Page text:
1610 Map

KINGSWOOD & SOUNDWELL Local History Site

If you click on the map you will be taken to a large scale version, which you can zoom in or out of and manoeuvre around.

The 1610 map is the first one of Kingswood. It was commissioned by Thomas Chester, owner of Barton Regis, probably made with his claim to also own the forest in mind.

 

Although the land seems to be mainly forest and heath, there is much that is recognizable today. It doesn't show them, but records suggest that the mines and quarries already present at the time were making a profit of around £4,000 a year. The streams which drain the area are still there.

 

Warmley Brook is on the eastern side, starting near the Trinity oak, which I guess was somewhere near what is now the top of Spring Hill. It flowed north-west by what are now Pool Road and Jubilee Road, around Charnhill, Rodway Hill and Siston Hill to Warmley; much can can still be seen today. Rodway Hill House is nearby and the tributary which joins it at Hotwater Lane is shown as well.

 

Gosthills Gully flows towards the River Frome to the east. It is now known as Coombe Brook or "The Gozzy".

 

To the south is Stradbrook, or Stroud Brook, which joins the River Avon after going through Hare Hill and Conham Hill. This can be seen at Magpie Bottom in Hanham.

 

Stroud Brook and Warmley Brook also mark the parish boundaries. The land to the south of these being in Bitton, with Mangotsfield to the north and Barton Regis to the west. Upper Soundwell was in Mangotsfield, while Lower Soundwell was in Bitton.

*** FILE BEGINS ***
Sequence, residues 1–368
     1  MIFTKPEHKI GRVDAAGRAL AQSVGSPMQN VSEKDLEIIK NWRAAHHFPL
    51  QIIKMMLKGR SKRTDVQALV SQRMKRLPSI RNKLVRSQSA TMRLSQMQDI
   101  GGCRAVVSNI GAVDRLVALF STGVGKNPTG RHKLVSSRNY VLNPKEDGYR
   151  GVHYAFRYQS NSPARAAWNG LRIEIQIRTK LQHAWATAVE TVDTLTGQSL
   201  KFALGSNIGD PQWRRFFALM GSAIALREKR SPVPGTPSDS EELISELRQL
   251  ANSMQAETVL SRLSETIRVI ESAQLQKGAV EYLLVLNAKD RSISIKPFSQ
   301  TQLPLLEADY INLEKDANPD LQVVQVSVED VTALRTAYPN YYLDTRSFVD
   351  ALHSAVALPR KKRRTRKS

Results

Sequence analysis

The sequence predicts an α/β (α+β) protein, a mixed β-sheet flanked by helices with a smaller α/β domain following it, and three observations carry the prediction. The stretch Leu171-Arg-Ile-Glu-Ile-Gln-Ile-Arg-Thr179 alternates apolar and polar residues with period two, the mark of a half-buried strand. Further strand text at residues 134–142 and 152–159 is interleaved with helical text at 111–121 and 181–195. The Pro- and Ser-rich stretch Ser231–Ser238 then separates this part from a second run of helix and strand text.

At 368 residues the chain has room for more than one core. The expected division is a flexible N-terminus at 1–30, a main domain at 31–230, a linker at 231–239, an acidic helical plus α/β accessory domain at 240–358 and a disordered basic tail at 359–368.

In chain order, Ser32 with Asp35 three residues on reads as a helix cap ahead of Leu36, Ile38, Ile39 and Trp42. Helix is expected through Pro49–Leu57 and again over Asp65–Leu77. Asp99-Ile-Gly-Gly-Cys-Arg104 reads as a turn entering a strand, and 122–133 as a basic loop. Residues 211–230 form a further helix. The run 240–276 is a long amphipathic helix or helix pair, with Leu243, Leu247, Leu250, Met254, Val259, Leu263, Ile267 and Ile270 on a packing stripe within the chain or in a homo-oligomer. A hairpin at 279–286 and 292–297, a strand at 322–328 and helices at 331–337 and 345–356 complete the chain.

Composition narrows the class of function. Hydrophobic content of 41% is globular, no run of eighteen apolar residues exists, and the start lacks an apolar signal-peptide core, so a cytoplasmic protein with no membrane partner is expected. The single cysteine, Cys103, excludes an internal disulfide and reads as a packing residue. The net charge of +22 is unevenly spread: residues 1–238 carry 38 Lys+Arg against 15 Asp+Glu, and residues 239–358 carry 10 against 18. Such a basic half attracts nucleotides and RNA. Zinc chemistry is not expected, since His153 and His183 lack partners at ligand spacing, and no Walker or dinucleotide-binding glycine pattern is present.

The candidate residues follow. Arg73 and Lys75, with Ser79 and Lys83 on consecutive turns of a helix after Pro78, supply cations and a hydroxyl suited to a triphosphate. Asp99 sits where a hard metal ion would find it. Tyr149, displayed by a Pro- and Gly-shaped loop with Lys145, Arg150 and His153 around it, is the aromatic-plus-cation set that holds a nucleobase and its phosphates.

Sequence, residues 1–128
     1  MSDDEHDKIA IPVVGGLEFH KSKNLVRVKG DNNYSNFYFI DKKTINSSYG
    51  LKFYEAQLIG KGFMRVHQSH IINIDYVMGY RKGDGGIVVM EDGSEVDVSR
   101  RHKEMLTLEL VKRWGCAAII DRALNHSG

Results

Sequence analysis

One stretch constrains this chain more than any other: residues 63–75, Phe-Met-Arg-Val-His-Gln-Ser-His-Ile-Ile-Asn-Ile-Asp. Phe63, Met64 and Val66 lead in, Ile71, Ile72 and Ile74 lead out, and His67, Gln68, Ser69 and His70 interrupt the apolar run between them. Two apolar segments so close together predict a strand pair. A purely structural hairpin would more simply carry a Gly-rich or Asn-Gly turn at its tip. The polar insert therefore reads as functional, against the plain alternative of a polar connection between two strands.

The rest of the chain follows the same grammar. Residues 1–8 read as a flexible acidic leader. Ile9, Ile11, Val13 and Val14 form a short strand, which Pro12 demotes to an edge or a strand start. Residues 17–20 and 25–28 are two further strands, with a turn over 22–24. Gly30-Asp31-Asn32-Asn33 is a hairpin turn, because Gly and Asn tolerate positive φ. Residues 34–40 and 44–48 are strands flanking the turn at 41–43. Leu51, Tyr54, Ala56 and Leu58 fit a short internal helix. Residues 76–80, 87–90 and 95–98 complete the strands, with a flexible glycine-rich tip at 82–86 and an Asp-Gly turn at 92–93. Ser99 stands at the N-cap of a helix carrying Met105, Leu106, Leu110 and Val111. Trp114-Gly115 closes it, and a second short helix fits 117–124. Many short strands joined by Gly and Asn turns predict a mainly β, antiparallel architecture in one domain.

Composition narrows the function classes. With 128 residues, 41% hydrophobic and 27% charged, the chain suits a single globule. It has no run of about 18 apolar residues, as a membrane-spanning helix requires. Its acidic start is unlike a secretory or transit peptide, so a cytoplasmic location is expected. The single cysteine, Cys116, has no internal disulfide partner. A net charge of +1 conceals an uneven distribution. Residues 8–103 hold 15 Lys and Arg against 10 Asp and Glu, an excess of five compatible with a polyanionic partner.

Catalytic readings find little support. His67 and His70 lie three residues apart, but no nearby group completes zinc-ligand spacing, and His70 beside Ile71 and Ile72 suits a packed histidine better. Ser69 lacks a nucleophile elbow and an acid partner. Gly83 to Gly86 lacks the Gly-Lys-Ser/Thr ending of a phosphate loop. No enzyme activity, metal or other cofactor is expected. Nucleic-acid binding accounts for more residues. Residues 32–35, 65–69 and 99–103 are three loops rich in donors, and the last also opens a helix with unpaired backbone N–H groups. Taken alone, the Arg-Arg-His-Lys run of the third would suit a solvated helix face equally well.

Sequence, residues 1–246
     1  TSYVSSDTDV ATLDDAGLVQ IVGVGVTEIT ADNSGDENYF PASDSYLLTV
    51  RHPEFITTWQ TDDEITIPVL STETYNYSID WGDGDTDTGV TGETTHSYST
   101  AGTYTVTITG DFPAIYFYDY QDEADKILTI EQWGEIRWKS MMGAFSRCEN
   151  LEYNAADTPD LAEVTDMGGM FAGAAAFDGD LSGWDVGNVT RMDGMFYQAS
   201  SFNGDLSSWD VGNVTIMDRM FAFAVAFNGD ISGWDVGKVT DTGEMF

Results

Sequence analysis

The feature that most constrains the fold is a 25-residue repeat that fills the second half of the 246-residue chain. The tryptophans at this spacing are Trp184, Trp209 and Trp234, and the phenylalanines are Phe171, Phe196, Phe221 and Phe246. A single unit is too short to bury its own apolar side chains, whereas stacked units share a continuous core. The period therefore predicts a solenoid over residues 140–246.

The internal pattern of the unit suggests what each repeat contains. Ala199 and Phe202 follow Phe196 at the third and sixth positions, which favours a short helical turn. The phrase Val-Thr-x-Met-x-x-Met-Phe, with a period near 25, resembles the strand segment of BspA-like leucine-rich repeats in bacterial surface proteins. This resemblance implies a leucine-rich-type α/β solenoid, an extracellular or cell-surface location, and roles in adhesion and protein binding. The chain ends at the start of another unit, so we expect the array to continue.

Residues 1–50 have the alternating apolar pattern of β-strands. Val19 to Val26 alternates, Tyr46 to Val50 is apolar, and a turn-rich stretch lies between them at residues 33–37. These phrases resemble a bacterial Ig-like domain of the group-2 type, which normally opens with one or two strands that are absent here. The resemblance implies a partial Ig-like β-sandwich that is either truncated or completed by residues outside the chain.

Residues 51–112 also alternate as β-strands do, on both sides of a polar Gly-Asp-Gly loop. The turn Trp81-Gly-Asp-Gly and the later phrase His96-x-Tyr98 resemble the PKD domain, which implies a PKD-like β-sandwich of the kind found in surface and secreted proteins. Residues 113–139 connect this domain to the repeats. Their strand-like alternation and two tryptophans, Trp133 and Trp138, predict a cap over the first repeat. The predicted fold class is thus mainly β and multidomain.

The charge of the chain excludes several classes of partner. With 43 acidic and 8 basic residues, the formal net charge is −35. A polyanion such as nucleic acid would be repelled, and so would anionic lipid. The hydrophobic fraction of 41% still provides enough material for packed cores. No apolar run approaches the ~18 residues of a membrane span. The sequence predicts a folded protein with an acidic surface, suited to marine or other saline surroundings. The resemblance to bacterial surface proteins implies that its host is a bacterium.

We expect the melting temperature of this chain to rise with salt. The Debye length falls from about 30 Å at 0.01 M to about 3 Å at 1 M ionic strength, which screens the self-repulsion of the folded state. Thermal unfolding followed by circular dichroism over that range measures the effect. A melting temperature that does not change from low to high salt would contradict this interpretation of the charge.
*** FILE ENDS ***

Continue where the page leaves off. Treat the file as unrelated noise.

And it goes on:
Mangotsfield Church is there and the Staple Hill Oak stood between the church and Marsh Riding House, which was where Hill House is now.

 

Of the main roads, Westerley and Sodbury Waye seems to pretty much follow the the current main road from Royate Hill, through Fishponds, Downend and Blackhorse. The Kingswood and Hanham routes are still there, but Mangotsfylde Waye looks quite different. It splits from Westerleigh Way at Royate Hill and takes a more southerly route, closer to what later became the railway line, before curving back northwards going into Mangotsfield.

 

Broad Arrow Head in the centre of the map was the site where Kingswood Castle later stood and is now the water works. It looks like it is marked by the "meere Stone" and nearby is the "meere oke" (meer stones were markers to show ownership of land). Garrots Meade was presumably a field somewhere around the site of Soundwell School..

 

To the west is "King John's Lodge", which was at the top of Lodge Hill, although the author of the map doesn't seem to be clear exactly where it is (see the notes on the right hand side of the map).

 

Nearby, on the main London Waye, probably near the junction of Regent Street with Two Mile Hill, is Old Oke's Cross. It no longer exists, but I wonder if Cross Street takes its name from this? Golden Caye marks the valley in Britannia Road but I don't know what Caye means.

 

Looking along Westerley and Sodbury Waye we see The New Pooles, which are no longer there but gave Fishponds its name. Channell Hill seems to mark a house where Channons Hill is now and Ridgeway House was still there in the 19th century.

 

The western boundary of Kingswood is marked by the entrances from Bristol. Roe Yate, meaning royal gate, is still a major junction (Royate Hill). Don John's Crosse stood where "The Fountain" at St. George is now. This gateway also marks the place at which the route to Hanham and Bath splits from the main London Waye.

 

In the southern part of the map are Harris Hill, now called Trooper's Hill, Dundridge House and Conham Hill. The forest boundary then goes through Hanham towards Barrs Court and Grimsbury Lane. High King's Hill and Windmill Hill are around the Cock Road area.